I knew it would be painful. But it had to be done.
I just checked back to the pundits’ and bookies’ pre-season view of this year’s Championship.
Favourites to win the division were … yes, Norwich City. “With not too many changes to the squad and Dean Smith in charge, Norwich are looking for a quick return to the Premier League – and are the bookies’ pick to do just that”.
The predictions are no less painful reading for fans of Watford, marginally behind City as second favourites. I’ll come back to them.
Third and fourth favourites were West Brom and – in the first instance of accuracy – Middlesbrough.
Fifth and sixth-ranked were Burnley and Sheffield United. I’m no great fan of the Blades and Paul Heckingbottom – but credit to him and, without reservation, to Vincent Kompany.
Also credit to Blackburn (ranked 10th before the season), Luton (11th), and Millwall (17th). They’ve exceeded the expectations of experts – and I suspect their own fans’ expectations too.
I remember years when City overachieved. It’s a great and uplifting feeling. Underachieving, which we’re going through for the second successive year, is frustrating and dismal.
It’s also wearing – illustrated by the manager’s statement on being appointed, then some weeks later:
On being appointed: “We have an opportunity to kick-start things. We have the experience and we certainly have the talent”
A few weeks later: “At times we’re really good, other times not good enough. That’s why I’m having the same results as previous managers have had”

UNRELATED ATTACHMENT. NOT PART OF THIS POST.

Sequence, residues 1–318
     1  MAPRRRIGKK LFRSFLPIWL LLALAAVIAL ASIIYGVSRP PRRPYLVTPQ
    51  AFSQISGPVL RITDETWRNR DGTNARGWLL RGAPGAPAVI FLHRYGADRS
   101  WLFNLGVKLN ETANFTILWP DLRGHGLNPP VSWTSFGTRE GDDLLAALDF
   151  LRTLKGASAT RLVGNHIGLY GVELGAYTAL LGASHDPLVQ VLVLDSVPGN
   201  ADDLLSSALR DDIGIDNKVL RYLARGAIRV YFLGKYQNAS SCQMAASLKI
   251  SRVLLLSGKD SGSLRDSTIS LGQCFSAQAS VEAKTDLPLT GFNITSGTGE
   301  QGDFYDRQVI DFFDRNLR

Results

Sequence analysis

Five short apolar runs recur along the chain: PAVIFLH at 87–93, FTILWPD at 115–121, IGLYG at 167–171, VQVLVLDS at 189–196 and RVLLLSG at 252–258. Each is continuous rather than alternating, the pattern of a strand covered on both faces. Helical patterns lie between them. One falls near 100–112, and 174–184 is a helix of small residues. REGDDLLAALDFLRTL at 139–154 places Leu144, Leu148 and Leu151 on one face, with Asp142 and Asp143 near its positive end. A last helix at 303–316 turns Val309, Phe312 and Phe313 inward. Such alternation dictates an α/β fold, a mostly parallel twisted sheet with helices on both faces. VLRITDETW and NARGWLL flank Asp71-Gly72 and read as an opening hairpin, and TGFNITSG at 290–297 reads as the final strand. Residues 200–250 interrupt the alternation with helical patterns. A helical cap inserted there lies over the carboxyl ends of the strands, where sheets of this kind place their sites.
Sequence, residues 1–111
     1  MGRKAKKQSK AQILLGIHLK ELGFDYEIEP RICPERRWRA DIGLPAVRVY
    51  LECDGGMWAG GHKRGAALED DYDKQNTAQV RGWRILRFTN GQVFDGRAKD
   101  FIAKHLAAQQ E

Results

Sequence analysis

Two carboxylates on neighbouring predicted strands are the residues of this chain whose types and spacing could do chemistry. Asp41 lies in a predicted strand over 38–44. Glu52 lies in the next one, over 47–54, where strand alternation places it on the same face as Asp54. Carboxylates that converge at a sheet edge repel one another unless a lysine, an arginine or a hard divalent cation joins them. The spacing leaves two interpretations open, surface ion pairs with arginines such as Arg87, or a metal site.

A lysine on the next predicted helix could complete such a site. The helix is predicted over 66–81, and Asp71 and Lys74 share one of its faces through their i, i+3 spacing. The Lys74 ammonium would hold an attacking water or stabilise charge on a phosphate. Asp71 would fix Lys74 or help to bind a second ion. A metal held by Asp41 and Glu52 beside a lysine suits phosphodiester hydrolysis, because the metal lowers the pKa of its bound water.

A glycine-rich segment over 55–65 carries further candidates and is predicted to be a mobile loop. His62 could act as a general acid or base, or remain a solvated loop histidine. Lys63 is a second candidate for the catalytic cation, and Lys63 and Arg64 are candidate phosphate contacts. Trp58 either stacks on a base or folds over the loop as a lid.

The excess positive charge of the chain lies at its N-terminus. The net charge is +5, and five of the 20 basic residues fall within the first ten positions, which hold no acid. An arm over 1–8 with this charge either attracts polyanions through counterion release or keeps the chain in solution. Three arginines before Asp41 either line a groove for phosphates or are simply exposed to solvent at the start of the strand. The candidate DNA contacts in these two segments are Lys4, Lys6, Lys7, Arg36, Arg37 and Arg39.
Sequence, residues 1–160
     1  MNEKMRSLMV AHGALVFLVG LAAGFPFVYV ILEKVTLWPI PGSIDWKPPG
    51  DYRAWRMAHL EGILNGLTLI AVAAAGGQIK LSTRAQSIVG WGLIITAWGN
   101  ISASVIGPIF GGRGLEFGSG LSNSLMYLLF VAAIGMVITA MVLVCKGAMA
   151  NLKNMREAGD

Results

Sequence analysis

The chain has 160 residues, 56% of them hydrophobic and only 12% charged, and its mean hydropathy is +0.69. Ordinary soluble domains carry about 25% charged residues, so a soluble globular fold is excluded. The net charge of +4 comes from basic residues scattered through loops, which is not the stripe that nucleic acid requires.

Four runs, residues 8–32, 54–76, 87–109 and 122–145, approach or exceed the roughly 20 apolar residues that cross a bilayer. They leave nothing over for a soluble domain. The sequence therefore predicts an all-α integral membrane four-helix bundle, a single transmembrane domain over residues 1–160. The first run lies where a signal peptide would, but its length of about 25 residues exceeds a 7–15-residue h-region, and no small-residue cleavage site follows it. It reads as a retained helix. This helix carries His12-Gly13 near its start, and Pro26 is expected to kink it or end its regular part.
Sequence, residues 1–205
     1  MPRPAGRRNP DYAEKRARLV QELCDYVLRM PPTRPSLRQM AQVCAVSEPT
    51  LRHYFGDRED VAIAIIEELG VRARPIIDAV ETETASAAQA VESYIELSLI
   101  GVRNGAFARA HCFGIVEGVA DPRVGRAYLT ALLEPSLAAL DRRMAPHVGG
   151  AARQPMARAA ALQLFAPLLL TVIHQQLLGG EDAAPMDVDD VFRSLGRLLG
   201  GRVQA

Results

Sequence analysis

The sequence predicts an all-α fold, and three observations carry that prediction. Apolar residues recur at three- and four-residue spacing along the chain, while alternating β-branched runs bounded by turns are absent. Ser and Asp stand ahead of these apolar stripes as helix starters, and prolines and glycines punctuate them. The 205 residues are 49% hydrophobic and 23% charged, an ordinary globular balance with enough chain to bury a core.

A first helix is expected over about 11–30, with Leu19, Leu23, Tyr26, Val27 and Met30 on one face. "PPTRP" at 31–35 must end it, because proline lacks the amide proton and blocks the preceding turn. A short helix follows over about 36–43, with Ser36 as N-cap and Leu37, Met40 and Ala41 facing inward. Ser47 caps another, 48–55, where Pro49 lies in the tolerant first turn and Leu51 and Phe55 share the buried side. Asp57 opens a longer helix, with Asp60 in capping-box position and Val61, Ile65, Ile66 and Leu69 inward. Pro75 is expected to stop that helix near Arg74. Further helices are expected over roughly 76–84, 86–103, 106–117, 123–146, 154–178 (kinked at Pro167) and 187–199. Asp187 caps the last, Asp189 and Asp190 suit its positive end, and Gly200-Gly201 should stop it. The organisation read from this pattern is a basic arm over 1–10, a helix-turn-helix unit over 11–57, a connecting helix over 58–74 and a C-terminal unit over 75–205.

Not quite David Wagner’s style – and actually not his words. They might also apply to us, but they’re the words of Chris Wilder at Watford.
So, to our game at Blackburn on Friday.
In theory, it’s an exciting opportunity for us. Win, and we’ll be just one point behind Blackburn – ie one point off a playoff place.
Yet the mood of City supporters is clearly downbeat. Some of that’s understandable: the verve and hunger we showed at Millwall has dried up since, and with it our ability to create chances. A run of ten points from four games has been followed by two points from the last four.
Under David Wagner, we’ve had scintillating days and depressing ones. We’re not sure which City will turn up for any given game.
Meanwhile, however, Blackburn fans will be saying the same. They started March by beating Sheffield United. But it’s been downhill from there: a narrow win over Reading sandwiched between losses to Stoke and, in their most recent game, Birmingham.
Form, then, isn’t much help in predicting Friday’s outcome.
What we can say with greatest probability, looking at the stats, is that it won’t be a draw. I’ve seen people saying Norwich don’t deserve to make the playoffs having lost 14 games this season. But Blackburn have lost 15. They’re above us by virtue of having drawn so few – by some way the fewest in the division.
(There’s a side story to this, for those who enjoy statistical quirks. Having set new records by going the first 27 games of the season without a draw, they promptly drew four in a row – and none since. Football, eh?)
Despite being above us, Blackburn have a significantly worse goal difference. They’ve scored 43 and conceded the same. While we’ve conceded a similar number (42), we’ve scored 52. Friday would be a good day to get that stat moving again.
Eagle-eyed readers may have spotted that the MFW preview team tends to do pairs of fixtures. I’ve done the two games against Watford and Hull, for instance, and now Blackburn.
It’s a sign of the Championship that Blackburn is unique for me, in that they haven’t changed manager between the two fixtures. It’s still Jon Dahl Tomasson, who’s done a fine overall job in his first season.